Can One Conversation Change Your Life?

4/7/2020 2:44:02 PM

Being cooped up has given me more time to reflect on the people who have impacted my life. Usually, they’re the family and friends that stood with me for a long time, sharing experiences and support when I needed it. Without them, who knows how things would have turned out. It’s one of life’s greatest mysteries.


Meanwhile, there are others who are placed in our lives for a fleeting moment. Maybe someone you befriended or who gave you a pearl of wisdom when you faced a pivotal decision. Or, in the case of Jan, someone who was both to me.


It was 1978, and I was 24 and on the fast track at General Electric in Milwaukee. Their Financial Management Program fit me like a glove, to the point where they took me off this two-year program early to manage a department I had joined eighteen months earlier as a trainee! (Now that was a challenge!) 


One day, my supervisor called me into his office and shut the door behind him. Naturally a little nervous, I was nonetheless comforted by his demeanor. “Dennis,” he said, “you’ve been nominated by senior management to join General Electric’s corporate audit staff.” Unaware of the meaning of all of this, I learned that the audit staff was the ticket to top financial management at the company. It would involve a four-year commitment to conduct quarterly audits at GE locations around the country. At the end of the term, your perspective was unmatched and the opportunities endless. It was clearly an honor to be chosen, and on the surface, it sounded like a slam dunk decision—one I would need to make in two weeks.


For the next week, I grappled with this audit staff decision unlike any other. From a career standpoint, it seemed like a slam dunk. The “prize” was obvious. And, because this was a by-appointment-only opportunity, I was haunted by how a “no” decision would be perceived. An affirmative decision appeared to be the logical choice. 


And, yet, I remained surprisingly and persistently unsettled about it. Knowing myself, I couldn’t help but wonder how I would enjoy spending the next four years in three-month stints in industrial locations around the country. Despite the obvious benefits, I questioned whether this was me and whether I was willing to pay the social price at such a pivotal time in my life. Needless to say, I kept going back and forth in my thinking. Meanwhile, the clock was ticking.


With a week remaining, I finally decided to bite the bullet. Enough agonizing. Enough vacillation. I would accept and tell my boss that afternoon in a meeting we just arranged. Finally!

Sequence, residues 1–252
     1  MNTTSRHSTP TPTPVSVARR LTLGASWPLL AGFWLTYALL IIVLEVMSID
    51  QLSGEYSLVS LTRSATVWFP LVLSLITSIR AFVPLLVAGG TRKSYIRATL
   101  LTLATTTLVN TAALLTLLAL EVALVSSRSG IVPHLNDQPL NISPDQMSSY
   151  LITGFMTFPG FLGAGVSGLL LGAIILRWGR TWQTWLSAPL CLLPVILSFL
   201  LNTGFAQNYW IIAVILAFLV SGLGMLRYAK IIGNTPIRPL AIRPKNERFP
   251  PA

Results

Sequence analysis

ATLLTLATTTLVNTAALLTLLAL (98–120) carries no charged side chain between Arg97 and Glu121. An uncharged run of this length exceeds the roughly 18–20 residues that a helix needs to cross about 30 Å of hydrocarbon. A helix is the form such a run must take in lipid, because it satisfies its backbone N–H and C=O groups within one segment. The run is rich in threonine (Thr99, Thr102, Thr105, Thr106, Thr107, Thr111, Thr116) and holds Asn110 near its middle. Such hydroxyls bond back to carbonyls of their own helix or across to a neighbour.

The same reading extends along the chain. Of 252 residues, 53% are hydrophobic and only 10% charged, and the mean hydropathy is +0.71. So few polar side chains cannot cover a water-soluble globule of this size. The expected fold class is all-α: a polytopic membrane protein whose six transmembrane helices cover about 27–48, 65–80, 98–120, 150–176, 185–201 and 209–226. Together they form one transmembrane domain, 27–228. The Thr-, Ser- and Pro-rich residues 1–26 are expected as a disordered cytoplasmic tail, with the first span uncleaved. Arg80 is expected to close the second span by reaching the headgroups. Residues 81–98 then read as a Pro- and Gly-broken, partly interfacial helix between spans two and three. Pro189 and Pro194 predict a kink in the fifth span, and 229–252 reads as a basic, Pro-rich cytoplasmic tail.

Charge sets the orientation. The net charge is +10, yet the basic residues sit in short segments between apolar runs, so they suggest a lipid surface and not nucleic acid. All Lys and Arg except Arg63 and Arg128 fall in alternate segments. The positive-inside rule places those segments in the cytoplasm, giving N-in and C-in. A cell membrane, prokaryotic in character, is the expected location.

I entered my supervisor’s office ready to announce my decision. But, inexplicably and much to my consternation, I simply couldn’t get the words out. It was as if there was a muzzle placed on my mouth. Internally embarrassed, I changed the subject and left some five minutes later. I was utterly frustrated and disappointed in myself.


Within an hour, I was at the copy machine and my aggravation must have been apparent. Jan, a coworker of mine, asked me what was up.


 About two months earlier, I'd been introduced to Jan. She had just joined the Financial Management Program from an elite East Coast university and relocated to the Milwaukee area. We became fast friends. I could tell this move wasn’t easy for her and that she was experiencing some culture shock in her relocation to the Midwest. I could help with that. 


I explained to Jan that I’d been vacillating about this decision and completely choked with my supervisor. This wasn’t like me and time was of the essence. Jan looked at me and in her delightfully direct way, asked, “Well, what do you wantto do?” I paused and replied, “If I had my way, I’d be an investment manager. I love picking stocks! But, GE doesn’t offer that.” 


In an instant, and with a hint of “duh,” Jan responded with her $10,000, life-altering question: 

“Well, why don’t you?!?


Her words hit me like a ton of bricks. I left work that night committed to doing crash research on what it would require to become an investment manager. A call to my broker. A visit the following day to my undergraduate finance professor who also worked for an investment firm in Madison. Thursday night, on the eve of my deadline, I finally made my decision with total peace and conviction. I would respectfully decline the audit staff offer and prepare to attend graduate school in the fall to earn an MBA in finance and pursue my dream as an investment manager. And, that’s what I did. All courtesy of Jan’s pivotal questions at just the right time.


Jan didn’t last much longer at GE. She hated the corporate environment and moved back east to pursue a different course. Although we completely lost touch, I often think of her and our conversation at the copier. Clearly, she was placed in my life for this fleeting moment for a reason. In a way, I’ve always felt that I honored her questions with the decision I made. All because she challenged me to consider what I would truly love


We never know at the time the impact that specific people will have on our life. Or, the people whose lives we affected by our words and deeds. Sometimes the effect is immediate and other times down the road—perhaps when a key decision needs to be made with the benefit of a nugget of wisdom. 


And, when it does happen, it’s a beautiful thing, isn’t it?